Local agency helps small businesses with loans
Kay Kallenbach can’t say enough good things about SNAP Financial Access.
The nonprofit community development financial institution gave Kallenbach more than a business loan when nobody else would; it gave her life purpose after her daughter died a few years ago.
“It was the most wonderful thing that has ever happened to me,” Kallenbach said of the loan. “I was in a very bad situation. I had lost my source of income and SNAP worked to get me a loan to buy a business.”
SNAP Financial Access – a subsidiary of SNAP, the nonprofit community action agency – will help a lot more folks like Kallenbach thanks to a recent federal loan and grant from the U.S. Small Business Administration.
The $200,000 SBA loan in turn can be lent to more Spokane County microenterprises, creating jobs for low- and moderate-income entrepreneurs.
At a time when traditional lending institutions are keeping a tight fist on credit, Financial Access is authorized to provide loans of up to $35,000.
“We are concerned about credit, too, but not the same way as a bank,” said Kerri Rodkey, director of SNAP Financial Access. “We look at the mission and benefit to low-income people.”
In addition, the nonprofit agency also was awarded an SBA grant of about $158,000 under the federal Program for Investment in MicroEntrepreneurs Act to provide training and technical assistance to disadvantaged business owners.
The grant also will provide help to businesses owned by minorities and women, Rodkey said.
So far this year, it has provided training and technical assistance to 259 existing or prospective business owners and made loans to 24 business owners, resulting in 55 business starts or expansions and 59 new jobs.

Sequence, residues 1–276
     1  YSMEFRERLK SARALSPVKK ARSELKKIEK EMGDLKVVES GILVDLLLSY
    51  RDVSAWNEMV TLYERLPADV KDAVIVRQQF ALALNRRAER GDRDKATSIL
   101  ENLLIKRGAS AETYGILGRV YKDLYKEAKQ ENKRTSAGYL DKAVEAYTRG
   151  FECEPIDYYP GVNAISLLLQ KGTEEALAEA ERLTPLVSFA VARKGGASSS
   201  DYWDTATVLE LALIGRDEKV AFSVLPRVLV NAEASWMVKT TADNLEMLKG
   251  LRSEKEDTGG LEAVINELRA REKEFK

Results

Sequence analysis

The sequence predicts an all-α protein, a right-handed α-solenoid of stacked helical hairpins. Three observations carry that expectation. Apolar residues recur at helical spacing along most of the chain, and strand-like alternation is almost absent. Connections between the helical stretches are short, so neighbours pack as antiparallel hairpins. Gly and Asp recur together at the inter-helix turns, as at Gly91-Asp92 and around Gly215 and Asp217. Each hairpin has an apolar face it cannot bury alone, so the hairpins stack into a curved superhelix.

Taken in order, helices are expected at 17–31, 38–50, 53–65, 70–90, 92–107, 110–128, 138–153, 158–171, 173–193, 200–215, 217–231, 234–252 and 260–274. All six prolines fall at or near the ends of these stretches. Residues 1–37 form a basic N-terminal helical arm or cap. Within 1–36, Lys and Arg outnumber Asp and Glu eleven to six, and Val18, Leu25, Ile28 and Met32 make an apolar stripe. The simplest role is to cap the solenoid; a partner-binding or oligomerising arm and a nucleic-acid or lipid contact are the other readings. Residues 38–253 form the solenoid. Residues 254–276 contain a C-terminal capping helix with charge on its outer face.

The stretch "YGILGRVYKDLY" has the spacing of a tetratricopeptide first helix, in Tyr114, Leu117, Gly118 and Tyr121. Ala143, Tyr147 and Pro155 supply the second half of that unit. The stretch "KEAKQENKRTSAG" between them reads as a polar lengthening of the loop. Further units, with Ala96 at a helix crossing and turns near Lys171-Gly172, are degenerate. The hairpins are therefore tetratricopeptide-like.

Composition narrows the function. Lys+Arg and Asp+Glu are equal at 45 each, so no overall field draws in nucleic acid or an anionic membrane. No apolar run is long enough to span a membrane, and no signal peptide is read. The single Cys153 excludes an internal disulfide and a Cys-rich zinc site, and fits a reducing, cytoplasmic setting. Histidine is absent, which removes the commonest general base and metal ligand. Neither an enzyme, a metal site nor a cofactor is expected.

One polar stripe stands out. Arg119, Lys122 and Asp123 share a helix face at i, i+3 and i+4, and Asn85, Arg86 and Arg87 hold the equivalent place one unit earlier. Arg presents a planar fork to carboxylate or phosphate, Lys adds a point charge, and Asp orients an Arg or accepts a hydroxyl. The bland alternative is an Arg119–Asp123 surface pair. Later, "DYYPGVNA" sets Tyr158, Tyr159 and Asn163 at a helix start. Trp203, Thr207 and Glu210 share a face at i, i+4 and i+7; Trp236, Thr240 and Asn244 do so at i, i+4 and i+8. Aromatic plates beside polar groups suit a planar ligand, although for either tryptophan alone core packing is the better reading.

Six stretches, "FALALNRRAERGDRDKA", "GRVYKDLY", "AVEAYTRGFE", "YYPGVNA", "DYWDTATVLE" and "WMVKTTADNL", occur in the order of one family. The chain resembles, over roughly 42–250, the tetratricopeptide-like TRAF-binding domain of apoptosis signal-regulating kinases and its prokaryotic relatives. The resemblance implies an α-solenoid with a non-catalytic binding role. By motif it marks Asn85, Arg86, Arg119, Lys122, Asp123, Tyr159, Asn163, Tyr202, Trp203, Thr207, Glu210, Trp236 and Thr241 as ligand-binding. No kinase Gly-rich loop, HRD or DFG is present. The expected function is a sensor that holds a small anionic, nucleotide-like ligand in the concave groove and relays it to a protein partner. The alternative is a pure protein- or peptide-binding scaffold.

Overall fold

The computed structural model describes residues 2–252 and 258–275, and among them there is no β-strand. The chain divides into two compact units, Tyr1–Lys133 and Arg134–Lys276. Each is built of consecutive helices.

Since 1998 when the microenterprise program began, SNAP Financial Access has provided $1.6 million in loans to 146 borrowers.
It has partnered with Numerica and The Union credit unions, among other institutions, to make loans to stores, restaurants, building contractors, truckers, auto mechanics and hair salons.
One such borrower was Creative Surface Inspirations, 3012 N. Sullivan Road in Spokane Valley.
This year, the small concrete company used a $22,000 SNAP loan to buy a truck, which made it possible for the business to branch out into floor and surface polishing. The truck is used to transport four 1,000-pound polishing machines and two new employees to run them.
“We have doubled our sales from last year,” said Kat Mitchell, a principal in the company, which recently picked up a new floor-polishing client, Walmart in Wenatchee.
Mitchell said no other bank would loan Creative Surface Inspirations money because the company was only 2 years old. Now, she said, a credit union has bought the loan, expanding the company’s credit potential and freeing up more money for other SNAP loans.
A couple years ago, SNAP Financial Access made all the difference in the world to Kallenbach, now 67, who lost her income as a caregiver when her daughter died of complications from cancer.
“The bank didn’t want to give me a loan,” Kallenbach said.
But SNAP loaned her $36,000 to take over Spencer’s Antiques Market and Village Flea Market, which provides space to dealers in antiques and collectibles.
When she took over the business on North Market Street, Kallenbach had 12 dealers. Now, relocated at 1325 N. Division St., the business boasts 72 dealers.
“It was just me back then,” Kallenbach said. “Now I have one full-time and three part-time employees.”
She said there is no limit to what her business is capable of accomplishing.
“I am so very grateful to SNAP,” Kallenbach said. “They believed in me and gave me a chance.”